Accessible only by scanning a QR code with a smartphone, the menu begins with traditional izakaya offerings—edamame, dumplings, and takoyaki (battered and fried octopus balls)—as well as rotating dishes like buttery, nut-brown miso cod and the savory custard chawanmushi, made with local chanterelles. All are beautifully prepared, as is 8Arm’s ramen, served either hot or chilled. Beyond that, the menu can be tough to navigate, with its various headings and subcategories, and I ended up throwing myself on the mercy of the staff. It turns out that the magic, if unofficial, word is “omakase,” or chef’s choice. Saying it at 8Arm is not a guarantee of success but, if the kitchen can be persuaded, it unlocks such extraordinary dishes as raw sea bream with radish watermelon kimchi—garnished with the fish’s own scales, fried and nearly transparent—and a sweet omelet topped with raspy tongues of fresh uni (sea urchin).
If you sit at the sushi bar, you might further have access to quirky offerings such as toasted bread with uni butter, silky flounder or blackthroat seaperch straddling its own liver, and elegant and mild ivory king salmon. The bar’s approach to bluefin tuna (hon-maguro) may reveal that there’s more to the fish than you thought, with cuts ranging from lean (akami) to melt-in-your-mouth fatty (chu-toro and o-toro) to ridiculously tender (kama-toro: the fish’s collar, near the gills). I don’t care much for Suh’s sushi rice, seasoned with molasses and malt vinegar rather than the traditional rice vinegar and sugar, so I focused more on the sashimi than the nigiri or the specialty rolls (which are, nonetheless, beautifully crafted). Judicious amounts of one of my favorite condiments—the funky Chili Crush made and packaged by the Krog Street Market restaurant Ticonderoga Club—heightened the taste of the pristine seafood.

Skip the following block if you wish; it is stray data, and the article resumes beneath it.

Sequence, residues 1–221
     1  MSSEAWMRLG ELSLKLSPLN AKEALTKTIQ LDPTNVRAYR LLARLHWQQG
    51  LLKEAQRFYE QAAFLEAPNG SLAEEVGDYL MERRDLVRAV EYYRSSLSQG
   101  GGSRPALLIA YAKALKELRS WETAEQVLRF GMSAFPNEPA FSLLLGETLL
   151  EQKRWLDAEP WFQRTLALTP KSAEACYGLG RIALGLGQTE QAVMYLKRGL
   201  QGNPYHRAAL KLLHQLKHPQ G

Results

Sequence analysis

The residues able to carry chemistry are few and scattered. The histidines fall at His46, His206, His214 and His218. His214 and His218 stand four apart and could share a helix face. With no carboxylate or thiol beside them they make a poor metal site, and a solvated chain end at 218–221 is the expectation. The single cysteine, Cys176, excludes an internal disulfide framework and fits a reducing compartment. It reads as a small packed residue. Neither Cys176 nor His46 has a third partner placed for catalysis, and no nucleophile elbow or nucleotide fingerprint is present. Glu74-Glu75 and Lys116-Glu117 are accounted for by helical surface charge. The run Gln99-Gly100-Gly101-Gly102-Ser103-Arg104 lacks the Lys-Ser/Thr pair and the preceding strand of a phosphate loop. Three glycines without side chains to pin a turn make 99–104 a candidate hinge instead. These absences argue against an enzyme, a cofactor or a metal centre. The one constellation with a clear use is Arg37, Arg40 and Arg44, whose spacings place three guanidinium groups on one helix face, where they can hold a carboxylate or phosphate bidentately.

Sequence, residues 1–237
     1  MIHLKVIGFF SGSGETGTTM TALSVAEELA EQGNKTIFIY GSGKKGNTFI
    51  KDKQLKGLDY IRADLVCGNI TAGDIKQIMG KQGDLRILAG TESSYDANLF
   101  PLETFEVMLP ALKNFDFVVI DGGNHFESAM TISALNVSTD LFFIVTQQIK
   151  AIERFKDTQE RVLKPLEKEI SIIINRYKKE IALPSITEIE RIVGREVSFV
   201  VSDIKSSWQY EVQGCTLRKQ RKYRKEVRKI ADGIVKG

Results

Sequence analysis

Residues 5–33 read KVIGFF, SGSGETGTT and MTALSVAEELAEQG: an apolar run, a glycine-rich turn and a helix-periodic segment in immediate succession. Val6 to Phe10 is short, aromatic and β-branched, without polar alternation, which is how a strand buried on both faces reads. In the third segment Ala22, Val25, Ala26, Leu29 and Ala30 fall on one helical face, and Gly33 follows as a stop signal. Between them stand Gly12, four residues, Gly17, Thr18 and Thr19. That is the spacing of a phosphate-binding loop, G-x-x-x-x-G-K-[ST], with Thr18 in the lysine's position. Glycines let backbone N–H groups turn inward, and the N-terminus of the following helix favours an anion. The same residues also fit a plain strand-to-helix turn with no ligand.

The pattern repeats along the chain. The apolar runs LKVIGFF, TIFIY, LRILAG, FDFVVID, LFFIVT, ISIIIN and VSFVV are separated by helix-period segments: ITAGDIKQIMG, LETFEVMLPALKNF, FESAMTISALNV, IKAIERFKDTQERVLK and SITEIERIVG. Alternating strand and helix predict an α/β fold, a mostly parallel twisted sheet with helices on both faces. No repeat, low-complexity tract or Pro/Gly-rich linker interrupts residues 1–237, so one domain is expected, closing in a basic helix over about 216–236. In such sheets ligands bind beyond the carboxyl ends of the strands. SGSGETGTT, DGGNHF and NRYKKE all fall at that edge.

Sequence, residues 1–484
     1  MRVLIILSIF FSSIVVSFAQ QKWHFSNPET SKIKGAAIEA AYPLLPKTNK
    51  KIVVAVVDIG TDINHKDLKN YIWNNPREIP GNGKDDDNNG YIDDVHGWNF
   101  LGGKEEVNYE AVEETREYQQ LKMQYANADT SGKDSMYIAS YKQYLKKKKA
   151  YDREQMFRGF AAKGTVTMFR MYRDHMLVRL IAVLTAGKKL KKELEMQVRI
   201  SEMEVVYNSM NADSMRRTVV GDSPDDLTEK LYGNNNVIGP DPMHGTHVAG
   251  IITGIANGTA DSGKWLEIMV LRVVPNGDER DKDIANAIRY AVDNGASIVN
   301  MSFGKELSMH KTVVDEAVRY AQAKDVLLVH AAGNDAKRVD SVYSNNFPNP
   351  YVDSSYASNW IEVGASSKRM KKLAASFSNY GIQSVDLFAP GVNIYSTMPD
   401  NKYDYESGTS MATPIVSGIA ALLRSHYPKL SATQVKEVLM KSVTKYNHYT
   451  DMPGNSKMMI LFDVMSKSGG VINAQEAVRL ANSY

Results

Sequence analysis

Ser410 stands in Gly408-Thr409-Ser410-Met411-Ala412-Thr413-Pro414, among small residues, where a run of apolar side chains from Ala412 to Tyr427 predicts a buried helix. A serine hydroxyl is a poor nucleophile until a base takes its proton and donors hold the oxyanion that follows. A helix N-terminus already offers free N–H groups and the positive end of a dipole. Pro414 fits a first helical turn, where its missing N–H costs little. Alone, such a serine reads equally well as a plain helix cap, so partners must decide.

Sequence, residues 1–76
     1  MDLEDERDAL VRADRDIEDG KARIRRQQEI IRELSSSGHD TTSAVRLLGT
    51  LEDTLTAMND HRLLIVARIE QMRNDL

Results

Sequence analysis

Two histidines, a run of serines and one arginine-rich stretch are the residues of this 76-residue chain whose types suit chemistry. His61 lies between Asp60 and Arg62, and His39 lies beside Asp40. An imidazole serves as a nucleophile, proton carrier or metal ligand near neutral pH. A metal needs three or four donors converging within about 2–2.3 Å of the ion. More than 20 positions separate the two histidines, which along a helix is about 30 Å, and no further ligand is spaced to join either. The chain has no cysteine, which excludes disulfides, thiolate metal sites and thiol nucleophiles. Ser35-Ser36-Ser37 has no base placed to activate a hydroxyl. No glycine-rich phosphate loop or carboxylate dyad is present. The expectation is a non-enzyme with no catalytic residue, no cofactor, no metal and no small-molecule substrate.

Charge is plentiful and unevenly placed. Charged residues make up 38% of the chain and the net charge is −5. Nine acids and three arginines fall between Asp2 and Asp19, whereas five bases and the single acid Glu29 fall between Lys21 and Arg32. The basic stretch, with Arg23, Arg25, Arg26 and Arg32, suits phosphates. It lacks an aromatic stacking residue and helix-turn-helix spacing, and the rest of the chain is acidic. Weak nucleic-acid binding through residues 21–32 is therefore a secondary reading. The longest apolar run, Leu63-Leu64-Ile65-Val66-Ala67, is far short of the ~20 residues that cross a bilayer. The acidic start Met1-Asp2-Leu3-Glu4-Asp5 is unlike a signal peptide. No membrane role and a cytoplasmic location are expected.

Joshua Fryer, a beacon of stability as 8Arm’s longtime general manager and beverage director, is a master of low-intervention wines, vermouths, and inventive cocktails. Yet his output in the restaurant’s latest iteration is uneven: Drinks that were weak (as in not enough shochu) or weird (the addition of miso robbed a whiskey sour of its refreshing acidity) made me want to stick to straight sake. Fryer’s gorgeous mocktails also caught my eye.
Depending on where you sit, you may experience the restaurant as an airy room, like a midcentury schoolhouse; a dark den tucked away behind a black curtain; or a sunny patio with kitchen tables beneath a colorful mural. From 11 p.m. till 2 a.m., 8Arm switches gears and becomes L8Arm, serving an abbreviated, casual menu from its outdoor kitchen (see below).
Nhan Le has another winner on his hands, with Allen Suh inaugurating a new era of creativity worthy of 8Arm’s good name and high standards. The kitchen’s commitment to local ingredients distinguishes 8Arm from other izakayas and sushi bars. Be prepared to show some initiative navigating the menu and service—then expect great food from a team that eschews traditional luxury in favor of a relentless focus on flavor.
★ ★ ★ ★
710 Ponce de Leon Avenue, Virginia-Highland
Better L8 than never: ordering off the midnight menu
The offerings past 11 p.m.? Fuel for a night on the town, like the Tempura-Filet-O with miso tartar . . .
. . . the Cali-inspired Out ’N’ In Burger, with cheese, relish, and “secret sauce” . . .
. . . and the Karaage Sando: Japanese fried chicken with Kewpie mayo and the works.
This article appears in our October 2021 issue.